The Ins and Outs of RESPs
When it comes to putting money into an RESP, there are some very important things that you must take into consideration. In this article, I will share seven with you.
1. Know the RESP contribution limit. The maximum combined contribution from all subscribers to each beneficiary is $4,000 per calendar year to a lifetime maximum of $42,000. The RESP limit is a use-it or lose it limit. It cannot be carried forward to future years. So if you did not make a contribution to the RESP last year, you cannot put in $8000 into the RESP this year.
2. Know the Canadian Education Savings Grant (CESG) contribution limit. The CESG contribution limit is different that the RESP limit. The CESG limit is only $2000 per year per child that will qualify for the CESG. Unlike the RESP limits, the CESG limit can be carried forward if not used. In fact, each child, resident in Canada, began to accumulate grant contribution room since January 1st, 1998. For example, if Cammie was born in 1998 but did not have an RESP until this year (2003), she will have accumulated a total of $12,000 ($2,000/yr x 6) in grant contribution room by the end of this year.
That being said, the RESP contribution limit remains at $4000 per year so she could catch up on the carry forward of the RESP by one year. In this same example Cammie’s parents could put in $4000 for 2003, which will qualify for the CESG for 2003 and also the previous year 2002. Next year, the parents could contribute another $4000, which will qualify for the 2004 CESG and the 2001 grant. By 2007, the parents will have caught up on the unused CESG credits. They will have put in $20,000 and the government will have put in $4,000.
3. You can have more than 1 RESP. You can have as many RESPs as you want but regardless of the number of plans, the limits apply to each beneficiary. So, for example, if a parent and a grandparent each wanted to set up an RESP for their child or grandchild, the total amount that can be contributed by both subscribers each year is still $4,000. There must be some communication within a family to make sure that the $4000 limit per year and the $42,000 lifetime limit are not exceeded.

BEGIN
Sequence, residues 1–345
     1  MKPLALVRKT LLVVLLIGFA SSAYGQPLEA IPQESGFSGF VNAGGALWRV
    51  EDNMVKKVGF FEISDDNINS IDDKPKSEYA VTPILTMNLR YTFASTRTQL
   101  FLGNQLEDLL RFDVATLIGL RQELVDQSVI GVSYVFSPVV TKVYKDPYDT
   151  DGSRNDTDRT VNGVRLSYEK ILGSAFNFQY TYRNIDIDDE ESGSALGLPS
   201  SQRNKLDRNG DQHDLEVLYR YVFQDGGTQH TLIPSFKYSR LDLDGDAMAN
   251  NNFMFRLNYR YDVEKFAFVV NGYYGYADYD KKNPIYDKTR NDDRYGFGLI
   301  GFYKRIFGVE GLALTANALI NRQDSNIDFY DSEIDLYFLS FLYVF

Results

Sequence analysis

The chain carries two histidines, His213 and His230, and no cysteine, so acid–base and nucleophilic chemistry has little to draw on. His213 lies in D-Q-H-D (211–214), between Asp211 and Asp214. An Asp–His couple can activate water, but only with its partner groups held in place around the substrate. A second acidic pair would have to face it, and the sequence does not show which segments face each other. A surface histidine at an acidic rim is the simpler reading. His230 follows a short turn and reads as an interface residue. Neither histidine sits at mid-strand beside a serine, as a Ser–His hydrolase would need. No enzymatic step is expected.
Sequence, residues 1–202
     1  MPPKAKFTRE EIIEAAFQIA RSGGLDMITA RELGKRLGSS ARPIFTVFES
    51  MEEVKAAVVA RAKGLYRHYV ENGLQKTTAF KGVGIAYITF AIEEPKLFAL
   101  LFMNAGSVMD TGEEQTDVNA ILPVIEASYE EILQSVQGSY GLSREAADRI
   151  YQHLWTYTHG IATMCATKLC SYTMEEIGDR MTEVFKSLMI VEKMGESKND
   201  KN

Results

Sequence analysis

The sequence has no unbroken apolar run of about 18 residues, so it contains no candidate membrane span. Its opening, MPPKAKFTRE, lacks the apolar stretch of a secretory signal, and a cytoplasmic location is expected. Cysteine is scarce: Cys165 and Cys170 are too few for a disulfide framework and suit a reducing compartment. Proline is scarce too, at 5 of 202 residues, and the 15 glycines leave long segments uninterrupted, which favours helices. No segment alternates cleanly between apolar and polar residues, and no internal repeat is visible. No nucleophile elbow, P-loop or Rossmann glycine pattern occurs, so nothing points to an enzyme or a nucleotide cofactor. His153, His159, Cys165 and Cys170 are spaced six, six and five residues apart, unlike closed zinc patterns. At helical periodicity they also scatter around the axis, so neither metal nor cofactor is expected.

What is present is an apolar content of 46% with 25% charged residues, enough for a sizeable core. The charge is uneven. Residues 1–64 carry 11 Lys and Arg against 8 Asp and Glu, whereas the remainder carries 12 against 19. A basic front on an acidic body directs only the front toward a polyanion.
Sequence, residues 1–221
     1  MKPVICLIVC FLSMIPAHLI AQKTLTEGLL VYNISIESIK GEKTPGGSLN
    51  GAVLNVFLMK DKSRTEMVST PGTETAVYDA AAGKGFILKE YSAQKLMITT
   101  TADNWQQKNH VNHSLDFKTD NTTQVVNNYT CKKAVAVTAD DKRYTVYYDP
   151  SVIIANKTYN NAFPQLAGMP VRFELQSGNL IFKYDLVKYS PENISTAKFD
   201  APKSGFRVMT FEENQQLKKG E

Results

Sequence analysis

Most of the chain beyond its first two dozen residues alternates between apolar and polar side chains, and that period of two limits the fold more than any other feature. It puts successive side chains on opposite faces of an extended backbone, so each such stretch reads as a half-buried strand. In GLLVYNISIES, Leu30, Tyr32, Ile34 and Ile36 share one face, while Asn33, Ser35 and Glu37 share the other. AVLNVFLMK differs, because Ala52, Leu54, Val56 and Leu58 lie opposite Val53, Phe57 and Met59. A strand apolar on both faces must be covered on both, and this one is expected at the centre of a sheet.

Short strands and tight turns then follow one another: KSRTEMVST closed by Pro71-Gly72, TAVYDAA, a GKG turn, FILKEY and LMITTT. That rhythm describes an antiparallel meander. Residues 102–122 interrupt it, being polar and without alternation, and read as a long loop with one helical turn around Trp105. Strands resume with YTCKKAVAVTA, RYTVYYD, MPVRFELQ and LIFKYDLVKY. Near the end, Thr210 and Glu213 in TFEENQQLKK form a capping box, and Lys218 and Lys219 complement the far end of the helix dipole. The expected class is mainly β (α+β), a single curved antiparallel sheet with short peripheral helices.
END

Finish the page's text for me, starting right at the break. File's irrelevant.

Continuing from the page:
4. Age and time limits. Contributions can be made each year for 21 years. Contributions made on behalf of a beneficiary of a family plan must be made before the beneficiary’s 21st birthday. The plan must be “collapsed” before the end of the 25th year following the year the plan was entered into. This allows the plan to continue to provide tax-deferred growth while the beneficiary is pursuing post-secondary education.
5. Penalty tax on over contributions. If contributions are made in excess of the annual or lifetime limits, they are subject to a penalty tax of one per cent per month of the amount of the over contribution at the end of that month. If the RESP has more than one subscriber, the penalty is based on the proportion of contributions per subscriber.
Withdrawing an over contribution will reduce the amount, if any, that is subject to the penalty tax. However, the over contribution will still be included in the calculation of the $42,000 lifetime limit for that beneficiary.
6. Transferring RESPs. Subject to the terms of the plan, partial or full transfers are permitted under the Income Tax Act. The transfer of an amount from an RESP to another RESP is considered eligible if:
1. There is a common beneficiary between the originating plan and the receiving plan; or
2. A beneficiary under the receiving plan is under 21 years of age, and is a brother or sister of a beneficiary under the originating plan.
While the income tax act permits transfers, it could be very costly to transfer funds. Make sure you know if the transferring institution charges any fees to facilitate the transfer.
So there we have some of the ins and outs of making contributions to the RESP. The rules can be confusing and complicated so when in doubt, seek the help of a financial advisor to guide you through your options.